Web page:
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Robert Heinecken is becoming a badly kept secret – although still relatively unknown, signs of his (re)discovery appeared last winter when Artforum and Kaleidoscope almost simultaneously published texts proposing Heinecken as a forefather of the Pictures Generation.
Along with John Baldessari, Wallace Berman and Ed Ruscha, the Denver-born Robert Heinecken (1931-2006) began working in California during the 1950s, and like his contemporaries shared an interest in using photography in new ways. Unlike the prevailing belief of the time that images were original representations of reality as expressed by their maker, Heinecken used pre-existing images, thereby giving up authorial control, proposing that arrangement could endow images with new meanings. In fact, Heinecken did not only appropriate images but went even further by photographing existing pictures. Working with his own personal collection of photographs and using print transfer techniques, he was mainly concerned with the abundance of images in a society that was becoming both more technological and more consumerist. Heinecken said that images rather than being “pictures of something” were “objects about something”, thereby opening up a reflexion on its materiality and ways of existence.
Heinecken’s concern with materiality and modes of circulation of pictures was highlighted at a recent exhibition at Geneva’s Mamco in a rather small yet dense display. Related to Periodical #5 (1972) on view, is typical of Heinecken’s working method that consisted of overprints of images extracted from magazines that could be said to be like the meeting of recto and verso. In this work, an image of a woman from the armed forces smiling while holding decapitated heads in both her hands is printed over an article about birth control and an advertisement for a hair loss tonic. Here, sarcasm is Heinecken’s tool of choice for interrogating the co-existence of these very different types of images and messages. The similarity in their original framing and appearance implies that the way in which they are consumed is also similar, their meanings strangely belonging to the same realm — information and publicity as the same kind of entertainment.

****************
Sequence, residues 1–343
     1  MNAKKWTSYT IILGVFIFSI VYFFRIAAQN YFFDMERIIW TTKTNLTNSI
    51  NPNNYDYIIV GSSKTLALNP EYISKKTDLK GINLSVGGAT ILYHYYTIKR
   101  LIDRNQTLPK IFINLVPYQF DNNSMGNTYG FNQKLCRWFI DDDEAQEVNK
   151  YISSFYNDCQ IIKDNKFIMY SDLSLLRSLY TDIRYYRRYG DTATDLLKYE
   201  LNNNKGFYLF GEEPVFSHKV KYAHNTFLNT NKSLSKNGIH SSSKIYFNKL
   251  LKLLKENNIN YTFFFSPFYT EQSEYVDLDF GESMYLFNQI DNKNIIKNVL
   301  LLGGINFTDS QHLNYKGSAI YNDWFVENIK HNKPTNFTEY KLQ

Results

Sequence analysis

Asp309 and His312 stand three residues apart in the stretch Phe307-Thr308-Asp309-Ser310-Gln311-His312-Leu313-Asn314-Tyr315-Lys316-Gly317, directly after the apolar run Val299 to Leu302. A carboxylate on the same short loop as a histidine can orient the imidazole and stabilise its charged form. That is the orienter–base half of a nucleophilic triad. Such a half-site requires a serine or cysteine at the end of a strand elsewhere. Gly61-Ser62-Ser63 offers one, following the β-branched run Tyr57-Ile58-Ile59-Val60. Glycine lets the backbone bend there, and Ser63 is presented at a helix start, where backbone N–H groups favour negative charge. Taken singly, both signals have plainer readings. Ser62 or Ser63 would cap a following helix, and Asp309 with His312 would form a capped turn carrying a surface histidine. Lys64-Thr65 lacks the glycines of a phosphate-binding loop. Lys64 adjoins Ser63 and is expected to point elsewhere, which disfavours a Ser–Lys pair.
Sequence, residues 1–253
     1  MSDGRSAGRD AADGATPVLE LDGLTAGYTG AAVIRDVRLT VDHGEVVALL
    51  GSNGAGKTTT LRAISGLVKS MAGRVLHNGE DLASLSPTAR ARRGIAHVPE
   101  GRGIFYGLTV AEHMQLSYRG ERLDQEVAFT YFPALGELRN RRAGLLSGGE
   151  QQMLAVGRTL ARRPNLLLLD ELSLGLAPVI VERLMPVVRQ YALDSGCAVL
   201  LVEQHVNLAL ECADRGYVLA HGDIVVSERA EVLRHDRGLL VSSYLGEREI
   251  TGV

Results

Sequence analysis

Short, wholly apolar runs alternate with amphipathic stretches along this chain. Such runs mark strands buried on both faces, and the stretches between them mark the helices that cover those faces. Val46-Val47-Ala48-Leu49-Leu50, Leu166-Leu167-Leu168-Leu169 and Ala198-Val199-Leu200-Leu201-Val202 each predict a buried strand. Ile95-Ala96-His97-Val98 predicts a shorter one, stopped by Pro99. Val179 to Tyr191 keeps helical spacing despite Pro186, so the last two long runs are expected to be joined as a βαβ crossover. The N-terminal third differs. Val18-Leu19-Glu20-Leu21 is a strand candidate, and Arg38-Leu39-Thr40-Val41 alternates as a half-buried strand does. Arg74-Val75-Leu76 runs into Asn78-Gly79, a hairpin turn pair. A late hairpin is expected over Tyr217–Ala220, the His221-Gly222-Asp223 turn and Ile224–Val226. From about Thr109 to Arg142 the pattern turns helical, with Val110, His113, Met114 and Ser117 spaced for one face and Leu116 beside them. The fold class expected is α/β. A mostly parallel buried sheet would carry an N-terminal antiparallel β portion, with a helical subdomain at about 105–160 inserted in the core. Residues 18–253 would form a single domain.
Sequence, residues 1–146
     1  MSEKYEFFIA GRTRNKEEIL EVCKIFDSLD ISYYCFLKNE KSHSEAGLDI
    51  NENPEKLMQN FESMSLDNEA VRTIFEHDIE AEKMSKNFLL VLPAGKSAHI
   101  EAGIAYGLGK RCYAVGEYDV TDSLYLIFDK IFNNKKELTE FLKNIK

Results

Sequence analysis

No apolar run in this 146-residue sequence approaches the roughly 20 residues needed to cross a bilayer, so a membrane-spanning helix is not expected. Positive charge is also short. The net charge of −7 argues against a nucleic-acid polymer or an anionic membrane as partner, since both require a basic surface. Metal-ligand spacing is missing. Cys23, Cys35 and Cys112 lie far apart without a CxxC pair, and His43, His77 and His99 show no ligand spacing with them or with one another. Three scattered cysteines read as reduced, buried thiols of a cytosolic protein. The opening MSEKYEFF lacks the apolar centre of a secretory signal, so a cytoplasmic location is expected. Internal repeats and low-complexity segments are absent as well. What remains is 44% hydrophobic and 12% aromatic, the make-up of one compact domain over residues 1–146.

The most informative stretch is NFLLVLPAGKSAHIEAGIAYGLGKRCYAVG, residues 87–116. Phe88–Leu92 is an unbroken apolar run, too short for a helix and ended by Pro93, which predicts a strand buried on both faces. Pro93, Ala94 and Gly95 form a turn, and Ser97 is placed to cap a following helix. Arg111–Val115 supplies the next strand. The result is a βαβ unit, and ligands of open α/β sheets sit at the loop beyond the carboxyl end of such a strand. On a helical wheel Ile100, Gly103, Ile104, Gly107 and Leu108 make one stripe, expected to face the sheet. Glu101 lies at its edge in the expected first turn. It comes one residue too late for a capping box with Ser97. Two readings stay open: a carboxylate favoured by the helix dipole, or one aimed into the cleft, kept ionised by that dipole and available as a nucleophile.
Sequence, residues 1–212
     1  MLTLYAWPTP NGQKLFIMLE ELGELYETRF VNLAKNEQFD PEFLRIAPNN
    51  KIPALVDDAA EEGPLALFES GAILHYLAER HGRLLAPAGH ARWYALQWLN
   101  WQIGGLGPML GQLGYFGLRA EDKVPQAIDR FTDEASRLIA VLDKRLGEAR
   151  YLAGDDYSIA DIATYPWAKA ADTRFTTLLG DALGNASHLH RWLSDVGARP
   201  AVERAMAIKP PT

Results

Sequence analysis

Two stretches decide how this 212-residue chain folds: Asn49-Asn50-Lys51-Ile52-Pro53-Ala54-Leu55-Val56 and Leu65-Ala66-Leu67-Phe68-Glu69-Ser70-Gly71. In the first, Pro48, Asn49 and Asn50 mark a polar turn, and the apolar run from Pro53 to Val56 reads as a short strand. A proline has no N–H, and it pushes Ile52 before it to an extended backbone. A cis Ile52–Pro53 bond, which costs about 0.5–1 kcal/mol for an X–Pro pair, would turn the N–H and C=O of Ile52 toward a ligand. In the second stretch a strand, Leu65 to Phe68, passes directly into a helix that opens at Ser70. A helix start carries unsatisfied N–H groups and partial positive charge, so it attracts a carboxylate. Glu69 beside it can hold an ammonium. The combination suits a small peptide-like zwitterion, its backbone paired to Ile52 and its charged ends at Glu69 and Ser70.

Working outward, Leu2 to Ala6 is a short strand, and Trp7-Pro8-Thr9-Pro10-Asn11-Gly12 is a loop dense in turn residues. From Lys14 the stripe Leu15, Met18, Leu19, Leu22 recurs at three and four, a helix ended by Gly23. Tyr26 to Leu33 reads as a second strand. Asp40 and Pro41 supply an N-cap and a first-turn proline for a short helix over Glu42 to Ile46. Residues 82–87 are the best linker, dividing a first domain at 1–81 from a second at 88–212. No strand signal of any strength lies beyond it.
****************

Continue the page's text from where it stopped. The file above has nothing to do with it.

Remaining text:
Robert Heinecken talked about commercial images as manufactured experiences. Lessons in Posing Subjects (1982), also on view at Mamco, is a series of Polaroid snapshots of fashion and lingerie models arranged according to the type of pose, accompanied by an instructional text explaining what they suggest, describing every possible variation of the image. Although this series evidently points towards the standardising of behaviour as formalised by advertising, the specific use of Polaroid, the hallmark of personal photography at the time, brings the work into the realm of a more subjective everyday. The images speak about the replacement of personal recollection with preconceived stereotypes but Heinecken’s tone is neither didactic nor pompous lying instead somewhere between fascination and mockery, recalling Richard Prince at his very best.
Heinecken’s double investigation, on the one hand into constructed desire and on the other into the modes of image circulation, make him a likely contender as the foremost influence on the generation of artists born between 1945 and 1955 (Barbara Bloom, Troy Brauntuch, Jack Goldstein, Richard Prince, Cindy Sherman, amongst others), who continued to work with this approach throughout the late 1970s. Although Heinecken’s role and influence is still subject of speculation, there is no doubt that he will finally be granted his rightful place in art history when the upcoming survey of his work at New York’s Museum of Modern Art (MoMA) opens in March 2014.
"A desk is a dangerous place from which to watch the world" (John Le Carré)